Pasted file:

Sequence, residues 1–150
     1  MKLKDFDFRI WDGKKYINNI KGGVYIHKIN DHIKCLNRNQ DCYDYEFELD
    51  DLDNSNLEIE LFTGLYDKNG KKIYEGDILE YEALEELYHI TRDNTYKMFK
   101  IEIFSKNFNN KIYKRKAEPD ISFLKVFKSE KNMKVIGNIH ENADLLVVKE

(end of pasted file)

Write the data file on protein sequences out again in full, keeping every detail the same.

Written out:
Sequence, residues 1–150
     1  MKLKDFDFRI WDGKKYINNI KGGVYIHKIN DHIKCLNRNQ DCYDYEFELD
    51  DLDNSNLEIE LFTGLYDKNG KKIYEGDILE YEALEELYHI TRDNTYKMFK
   101  IEIFSKNFNN KIYKRKAEPD ISFLKVFKSE KNMKVIGNIH ENADLLVVKE